And is it a good book? No, it's a crappy book, possibly one of the worst ever written. If I say it's considerably worse than the Da Vinci Code you'll understand how much I despise it. The book is the first of the Left Behind series of novels. The action takes place just after the 'Rapture' which has spirited all the children and foetuses on Earth, and a few select evangelical Christian adults, up to heaven. In the world that remains the United Nations is taken over by the anti Christ ('Nikolai Carpathia of Roumania') and his evil scientist sidekick ('Dr. Chaim Rosenzweig of Israel').
Here is slacktivist's impassioned introduction to his massive work of criticism:
The cultural standard bearer for these Very Bad Ideas is the "Left Behind" series of novels by Tim LaHaye and Jerry B. Jenkins. These books have become so popular that every pastor in America is now confronted with the task of gently, pastorally explaining to their congregation why the theology of these books is misguided and misguiding... These books are evil, anti-Christian crap. This weekend, I'm beginning a new series of posts in which I'll go through these books, page by page. Millions of your fellow citizens are reading these books. Millions.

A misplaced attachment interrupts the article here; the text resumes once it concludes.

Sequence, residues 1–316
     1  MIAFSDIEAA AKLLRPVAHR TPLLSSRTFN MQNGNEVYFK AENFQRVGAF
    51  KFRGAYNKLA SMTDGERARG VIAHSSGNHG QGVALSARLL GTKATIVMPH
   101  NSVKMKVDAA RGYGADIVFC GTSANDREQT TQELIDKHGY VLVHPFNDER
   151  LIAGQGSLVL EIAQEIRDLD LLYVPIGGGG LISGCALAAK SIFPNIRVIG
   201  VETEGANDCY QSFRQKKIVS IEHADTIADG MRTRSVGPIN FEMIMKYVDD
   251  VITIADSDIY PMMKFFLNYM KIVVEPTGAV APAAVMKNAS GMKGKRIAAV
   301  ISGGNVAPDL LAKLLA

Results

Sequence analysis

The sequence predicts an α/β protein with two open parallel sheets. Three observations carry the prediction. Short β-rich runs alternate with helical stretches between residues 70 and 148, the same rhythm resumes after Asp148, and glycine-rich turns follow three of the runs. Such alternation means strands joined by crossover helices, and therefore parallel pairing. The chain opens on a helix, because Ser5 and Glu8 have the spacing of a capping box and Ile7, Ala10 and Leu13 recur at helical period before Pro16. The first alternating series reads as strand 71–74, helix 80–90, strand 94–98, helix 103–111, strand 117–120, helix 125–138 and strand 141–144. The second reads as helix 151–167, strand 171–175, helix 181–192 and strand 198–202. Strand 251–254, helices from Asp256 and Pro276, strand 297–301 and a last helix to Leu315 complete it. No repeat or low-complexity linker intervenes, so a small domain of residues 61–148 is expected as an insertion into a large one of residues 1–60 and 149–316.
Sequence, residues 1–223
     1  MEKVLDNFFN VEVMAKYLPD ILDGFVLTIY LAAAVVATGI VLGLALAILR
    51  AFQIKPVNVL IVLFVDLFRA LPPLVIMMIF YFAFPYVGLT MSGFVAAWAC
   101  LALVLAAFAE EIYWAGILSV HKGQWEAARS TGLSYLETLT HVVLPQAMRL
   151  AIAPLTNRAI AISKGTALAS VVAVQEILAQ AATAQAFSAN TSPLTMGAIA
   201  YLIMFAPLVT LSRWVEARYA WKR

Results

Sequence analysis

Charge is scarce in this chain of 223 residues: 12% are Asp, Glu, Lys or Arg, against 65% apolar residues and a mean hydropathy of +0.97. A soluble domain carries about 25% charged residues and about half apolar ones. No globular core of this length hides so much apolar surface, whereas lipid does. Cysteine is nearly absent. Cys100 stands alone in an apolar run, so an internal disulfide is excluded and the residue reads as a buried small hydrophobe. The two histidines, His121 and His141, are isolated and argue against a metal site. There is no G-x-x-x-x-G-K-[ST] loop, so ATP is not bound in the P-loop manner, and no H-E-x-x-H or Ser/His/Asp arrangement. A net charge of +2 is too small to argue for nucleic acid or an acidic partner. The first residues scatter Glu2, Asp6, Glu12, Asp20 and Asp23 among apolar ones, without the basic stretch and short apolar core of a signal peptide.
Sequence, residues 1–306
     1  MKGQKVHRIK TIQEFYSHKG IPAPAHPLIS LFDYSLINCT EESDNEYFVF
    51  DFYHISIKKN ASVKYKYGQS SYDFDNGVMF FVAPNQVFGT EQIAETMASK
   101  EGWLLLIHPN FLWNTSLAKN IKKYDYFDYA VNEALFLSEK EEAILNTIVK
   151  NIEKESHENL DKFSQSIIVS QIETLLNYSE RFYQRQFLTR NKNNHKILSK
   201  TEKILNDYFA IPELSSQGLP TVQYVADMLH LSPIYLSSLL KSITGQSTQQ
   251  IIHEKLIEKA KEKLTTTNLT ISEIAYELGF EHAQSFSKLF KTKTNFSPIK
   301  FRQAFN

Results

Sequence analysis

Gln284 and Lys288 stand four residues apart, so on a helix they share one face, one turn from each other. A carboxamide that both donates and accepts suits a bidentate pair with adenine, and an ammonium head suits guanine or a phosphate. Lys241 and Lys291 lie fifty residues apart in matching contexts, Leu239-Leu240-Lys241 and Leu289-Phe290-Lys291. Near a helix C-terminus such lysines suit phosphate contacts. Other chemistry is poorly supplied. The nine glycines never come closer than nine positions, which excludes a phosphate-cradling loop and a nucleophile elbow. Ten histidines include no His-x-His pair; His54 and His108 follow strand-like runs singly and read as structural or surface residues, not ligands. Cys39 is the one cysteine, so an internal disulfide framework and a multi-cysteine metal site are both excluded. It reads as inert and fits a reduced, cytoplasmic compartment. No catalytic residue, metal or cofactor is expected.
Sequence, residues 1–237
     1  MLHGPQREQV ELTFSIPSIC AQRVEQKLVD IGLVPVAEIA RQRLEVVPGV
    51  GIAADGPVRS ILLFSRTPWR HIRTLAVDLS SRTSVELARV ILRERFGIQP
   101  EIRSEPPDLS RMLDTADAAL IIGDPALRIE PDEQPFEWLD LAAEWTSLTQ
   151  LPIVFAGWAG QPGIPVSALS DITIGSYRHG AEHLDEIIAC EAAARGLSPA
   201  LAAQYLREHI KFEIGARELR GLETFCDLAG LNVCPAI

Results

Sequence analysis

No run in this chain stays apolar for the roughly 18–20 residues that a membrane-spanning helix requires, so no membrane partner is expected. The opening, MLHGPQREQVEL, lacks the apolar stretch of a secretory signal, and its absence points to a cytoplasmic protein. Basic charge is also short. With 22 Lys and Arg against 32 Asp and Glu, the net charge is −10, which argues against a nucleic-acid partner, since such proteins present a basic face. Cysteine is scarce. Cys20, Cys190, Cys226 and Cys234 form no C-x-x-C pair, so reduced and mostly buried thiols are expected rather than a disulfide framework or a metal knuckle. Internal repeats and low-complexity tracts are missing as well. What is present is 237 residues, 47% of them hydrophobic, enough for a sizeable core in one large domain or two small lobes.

As you know I am not a Christian, but I am interested in slacktivist's dense, compassionate, detailed unpicking of this book. He unpicks the morality, the language, the characterisation, the plotting, and (not that I care about this) the theology. It's very impressive.
It's difficult to recommend a way in to this massive critique slacktivist has created over the years. One question it raises for me is about the banality of evil, or perhaps the evil of banality. For me the ugly shallowness of the book is part of why it is wrong. The latest post is about how crappy the science fiction element is, and there's a lot of good discussion in the comments. Obviously idiotic science fiction writing isn't automatically artistic and moral failure, but is it completely independent of it? It's almost a symptom of the shallowness and the lazy ignorance of the book.
My final hanging question is whether it is fair to link crap writing to bad morality. Is it as unfair as linking an evil character to an ugly face? Or is compassion and empathy part of what makes writing good?